In field experiments, the researchers showed that they could trick the male cicada by making a snapping sound that mimics the female. When mating is complete, the cicada is done — the male anyway. Females live long enough to lay up to 600 eggs in the branches of trees before they die. When the nymphs hatch, they drop from their canopy nests and burrow underground until they find a fat, tasty root to suck on. And there they remain until it’s time for their brood to emerge and start the cycle all over again.

On some days in July and August, particularly during those years when a brood of periodical cicadas emerges, the droning of male cicadas in the trees can be almost overwhelming. The loudest cicadas can emit a sound exceeding 100 decibels, which can be heard more than a mile and a half away.

But cicadas are typically less than 2 inches long. How is it that such a small animal can make such a loud sound? With no vocal chords, no lungs and no loudspeaker, it ought to be impossible to hear a cicada from a mile and a half away, yet it is not.

To understand more about cicada sounds, we first must know how these noisy summer insects make sounds. This is done not by rubbing together their wings or legs, as some people think, but by using special sound-producing organs called tymbals. Each cicada has two of these ribbed membranes, one on each side of its abdomen.

The complex manner in which each tymbal produces sound can be difficult to understand, but Kyle Schiber, writing for the Chicago Academy of Science blog, explained it quite simply.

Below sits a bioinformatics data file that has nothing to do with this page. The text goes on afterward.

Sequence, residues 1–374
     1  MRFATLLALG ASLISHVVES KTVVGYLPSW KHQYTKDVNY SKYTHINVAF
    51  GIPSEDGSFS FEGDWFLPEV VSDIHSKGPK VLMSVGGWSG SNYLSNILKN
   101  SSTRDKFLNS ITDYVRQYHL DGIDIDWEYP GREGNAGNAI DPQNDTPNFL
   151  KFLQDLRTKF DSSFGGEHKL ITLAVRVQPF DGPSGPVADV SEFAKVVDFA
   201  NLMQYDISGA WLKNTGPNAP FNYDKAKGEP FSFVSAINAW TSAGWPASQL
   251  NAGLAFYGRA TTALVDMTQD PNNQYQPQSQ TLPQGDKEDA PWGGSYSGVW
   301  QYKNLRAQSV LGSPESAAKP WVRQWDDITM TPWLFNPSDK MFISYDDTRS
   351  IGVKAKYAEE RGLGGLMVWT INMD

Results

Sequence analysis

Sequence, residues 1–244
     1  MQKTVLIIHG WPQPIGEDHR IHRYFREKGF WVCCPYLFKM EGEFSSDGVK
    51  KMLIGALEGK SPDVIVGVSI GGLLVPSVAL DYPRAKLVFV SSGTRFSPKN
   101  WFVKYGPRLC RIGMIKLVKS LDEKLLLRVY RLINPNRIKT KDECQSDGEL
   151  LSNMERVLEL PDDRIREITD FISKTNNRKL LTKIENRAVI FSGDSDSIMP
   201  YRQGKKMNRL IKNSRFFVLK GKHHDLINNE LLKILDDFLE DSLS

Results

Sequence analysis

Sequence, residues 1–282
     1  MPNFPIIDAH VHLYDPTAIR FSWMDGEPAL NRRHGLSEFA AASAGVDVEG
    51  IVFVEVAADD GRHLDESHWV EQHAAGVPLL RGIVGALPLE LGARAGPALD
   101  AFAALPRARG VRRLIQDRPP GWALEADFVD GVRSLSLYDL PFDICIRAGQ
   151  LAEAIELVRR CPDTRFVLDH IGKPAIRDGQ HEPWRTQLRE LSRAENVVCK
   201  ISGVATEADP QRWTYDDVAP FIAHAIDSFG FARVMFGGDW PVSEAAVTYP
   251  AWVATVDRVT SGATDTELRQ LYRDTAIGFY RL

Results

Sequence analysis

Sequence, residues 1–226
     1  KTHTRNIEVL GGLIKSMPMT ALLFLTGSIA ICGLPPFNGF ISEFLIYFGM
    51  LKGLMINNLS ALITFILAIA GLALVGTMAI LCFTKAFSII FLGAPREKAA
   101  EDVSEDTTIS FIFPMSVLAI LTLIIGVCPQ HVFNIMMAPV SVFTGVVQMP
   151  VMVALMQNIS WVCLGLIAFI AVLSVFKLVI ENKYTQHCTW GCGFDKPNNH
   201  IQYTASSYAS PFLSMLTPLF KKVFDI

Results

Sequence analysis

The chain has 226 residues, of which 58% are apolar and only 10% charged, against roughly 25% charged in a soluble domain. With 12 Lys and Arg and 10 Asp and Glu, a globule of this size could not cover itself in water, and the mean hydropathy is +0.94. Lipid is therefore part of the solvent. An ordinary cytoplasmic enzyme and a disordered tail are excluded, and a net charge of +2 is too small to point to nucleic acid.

“The tymbal contains a series of ribs that buckle one after the other when the cicada flexes its muscles,” he said. “Every time a rib buckles, the rib produces a click. Many clicks produce a buzzing sound. The action is like how a bendy straw makes sound: pulling and pushing the ribs of the bendy straw together makes a series of clicks. If you could push, pull, and twist a bendy straw hundreds of times a second, the sound of the clicks would be so close together that you’d only hear a buzzing sound. This is how fast the cicada is able to vibrate its tymbals.”

While that paragraph describes quite clearly the basic mechanism of the cicada’s sound-producing tymbals, reproducing the sound is still a daunting challenge for researchers. Having the cicada’s ability to make an extremely loud noise with a very small body using very little power could be useful in many ways. For example, scientists at the Naval Undersea Warfare Center in Newport, Rhode Island, believe reproducing the cicada’s sound would be the first step toward making devices that would mimic it for remote sensing underwater, ship-to-ship communications, rescue operations and other applications. But the lead researcher on that project, Derke Hughes, said his team has not yet worked out an accurate physics-based model that replicates the manner through which the cicada makes its sounds.

“We’re still working on it,” he said.

While Hughes and other scientists continue looking at ways humankind can benefit from cicada songs, however, people like me who consider cicada sounds as soothing as a lullaby can enjoy sitting in the shade of a tree on a warm summer day and listening to the rhythmic sound of countless cicadas thrumming overhead. This is, for many of us, a sound that is uniquely Southern and distinctly a part of summer, a sound quite likely to bring back memories of youthful days collecting locust shells with friends.